Read more:

10 ways food labels mislead consumers

Day after day we learn more about how misleading food labels continue to dupe consumers with keywords and bold statements that feed into people’s dietary needs and weight loss goals. This doesn’t mean all food labels are lying because plenty of products are “fat free” or made with “real fruit,” but what about the other nutritional facts or ingredients? observes that, unfortunately, the FDA does not regulate all food labels and cannot keep food manufacturers from using clever wording to avoid a potential lawsuit. What you can do is read the nutritional facts and ingredients list to find the truth behind the fancy wording and manipulative marketing. Here are 10 misleading food labels to look out for:

* “Zero grams trans fat”
Since trans fat have become the ultimate no-no in today’s diet, many companies have cut trans fat from their products. However, it has led way to a manipulative marketing move to promote 0 grams of trans fat, without indicating the product’s level of saturated and total fat. Food labels know people are looking for the label that says “0 grams trans fat,” but they may skip over the saturated and total fat amount, which is just as important.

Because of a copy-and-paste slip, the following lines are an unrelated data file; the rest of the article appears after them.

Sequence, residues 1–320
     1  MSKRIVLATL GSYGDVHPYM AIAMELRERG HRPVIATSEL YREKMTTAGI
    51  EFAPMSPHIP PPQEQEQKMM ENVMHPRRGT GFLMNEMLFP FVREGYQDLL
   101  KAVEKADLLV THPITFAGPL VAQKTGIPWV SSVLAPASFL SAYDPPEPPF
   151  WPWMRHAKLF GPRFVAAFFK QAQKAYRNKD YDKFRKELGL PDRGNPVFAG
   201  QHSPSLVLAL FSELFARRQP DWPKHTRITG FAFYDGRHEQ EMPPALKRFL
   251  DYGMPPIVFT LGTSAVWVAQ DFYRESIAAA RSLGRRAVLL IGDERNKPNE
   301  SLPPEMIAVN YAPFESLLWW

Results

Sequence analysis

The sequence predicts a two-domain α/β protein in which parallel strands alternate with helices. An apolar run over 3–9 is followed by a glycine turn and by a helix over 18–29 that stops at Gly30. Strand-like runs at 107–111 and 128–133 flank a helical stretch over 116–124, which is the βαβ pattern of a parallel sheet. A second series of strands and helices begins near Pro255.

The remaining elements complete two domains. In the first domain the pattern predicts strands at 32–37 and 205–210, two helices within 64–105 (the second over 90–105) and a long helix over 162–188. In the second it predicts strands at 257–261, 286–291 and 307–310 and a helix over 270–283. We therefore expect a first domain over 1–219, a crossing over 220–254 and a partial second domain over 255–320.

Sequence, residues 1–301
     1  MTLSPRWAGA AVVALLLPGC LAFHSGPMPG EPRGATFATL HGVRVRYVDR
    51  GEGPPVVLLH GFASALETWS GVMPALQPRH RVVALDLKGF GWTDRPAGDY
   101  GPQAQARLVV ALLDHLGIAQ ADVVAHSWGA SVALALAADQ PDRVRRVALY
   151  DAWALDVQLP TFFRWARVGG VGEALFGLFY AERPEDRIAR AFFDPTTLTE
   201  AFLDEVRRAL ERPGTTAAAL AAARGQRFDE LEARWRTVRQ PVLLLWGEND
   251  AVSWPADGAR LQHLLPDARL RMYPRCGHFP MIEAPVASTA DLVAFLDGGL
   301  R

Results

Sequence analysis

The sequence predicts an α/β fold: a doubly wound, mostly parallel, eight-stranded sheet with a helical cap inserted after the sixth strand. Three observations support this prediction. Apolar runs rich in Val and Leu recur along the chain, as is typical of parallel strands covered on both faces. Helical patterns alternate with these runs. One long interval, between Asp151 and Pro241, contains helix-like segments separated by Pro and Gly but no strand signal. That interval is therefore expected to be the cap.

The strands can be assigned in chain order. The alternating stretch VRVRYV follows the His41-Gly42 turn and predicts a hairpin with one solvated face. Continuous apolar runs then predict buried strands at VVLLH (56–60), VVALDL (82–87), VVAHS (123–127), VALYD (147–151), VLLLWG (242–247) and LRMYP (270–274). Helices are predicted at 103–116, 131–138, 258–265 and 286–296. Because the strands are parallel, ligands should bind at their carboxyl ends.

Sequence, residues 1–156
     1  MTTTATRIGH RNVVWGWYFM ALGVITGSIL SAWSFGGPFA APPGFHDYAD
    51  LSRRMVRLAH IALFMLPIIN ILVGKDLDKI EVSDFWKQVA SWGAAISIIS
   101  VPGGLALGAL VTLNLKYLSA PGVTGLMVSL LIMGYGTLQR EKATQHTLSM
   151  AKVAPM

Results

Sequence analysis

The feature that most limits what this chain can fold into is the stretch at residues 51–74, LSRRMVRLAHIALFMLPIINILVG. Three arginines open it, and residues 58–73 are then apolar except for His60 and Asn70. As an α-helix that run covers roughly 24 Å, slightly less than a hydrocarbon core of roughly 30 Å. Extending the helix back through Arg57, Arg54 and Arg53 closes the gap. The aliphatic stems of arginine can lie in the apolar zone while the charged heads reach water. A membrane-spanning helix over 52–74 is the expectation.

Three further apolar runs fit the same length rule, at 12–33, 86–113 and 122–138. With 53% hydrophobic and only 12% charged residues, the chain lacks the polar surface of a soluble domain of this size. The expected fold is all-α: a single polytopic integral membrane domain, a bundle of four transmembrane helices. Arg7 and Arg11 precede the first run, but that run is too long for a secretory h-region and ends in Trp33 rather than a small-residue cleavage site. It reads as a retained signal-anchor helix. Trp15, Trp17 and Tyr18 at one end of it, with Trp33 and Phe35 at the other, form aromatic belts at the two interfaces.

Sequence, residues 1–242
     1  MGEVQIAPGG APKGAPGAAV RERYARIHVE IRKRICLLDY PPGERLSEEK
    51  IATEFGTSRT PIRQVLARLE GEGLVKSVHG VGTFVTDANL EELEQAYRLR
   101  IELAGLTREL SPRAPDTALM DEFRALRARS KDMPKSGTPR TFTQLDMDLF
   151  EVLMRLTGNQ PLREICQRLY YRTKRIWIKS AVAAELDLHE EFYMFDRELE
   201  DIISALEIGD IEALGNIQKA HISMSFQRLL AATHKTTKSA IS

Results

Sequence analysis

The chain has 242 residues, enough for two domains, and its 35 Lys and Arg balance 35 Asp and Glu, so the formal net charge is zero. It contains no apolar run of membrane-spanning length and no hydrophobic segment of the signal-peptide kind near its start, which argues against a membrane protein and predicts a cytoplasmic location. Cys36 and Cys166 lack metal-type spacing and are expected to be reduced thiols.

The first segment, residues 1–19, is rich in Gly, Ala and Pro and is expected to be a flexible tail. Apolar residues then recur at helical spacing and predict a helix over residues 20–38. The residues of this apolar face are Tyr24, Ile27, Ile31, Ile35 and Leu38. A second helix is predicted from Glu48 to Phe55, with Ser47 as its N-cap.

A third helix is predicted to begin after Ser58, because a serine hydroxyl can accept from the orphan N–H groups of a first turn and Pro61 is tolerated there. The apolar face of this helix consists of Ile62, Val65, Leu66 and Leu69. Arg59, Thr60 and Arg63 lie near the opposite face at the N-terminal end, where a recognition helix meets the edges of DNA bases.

* “All natural”
The “all natural” stamp is one of the most abused and misleading food labels used by food manufacturers today. Many of these so-called “all natural” products use citric acid, high-fructose corn syrup and other unnatural additives, but still get to bear that positive label. Always check the ingredients list to know exactly what’s in your food.

* “Whole grains”
Chances are you’ve seen the label, “Made with Whole Grains,” pop up on bread, crackers or rice products now more than ever. The reality is that many of these whole grain products are actually made with refined wheat flour and maybe a small percentage of whole grains. In order to check the validity of the whole grains label, check out the listed ingredients. Unless “whole grains” is one of the first ingredients on the list or if you see “enriched wheat flour,” it’s likely that your product contains a small percentage of whole grains.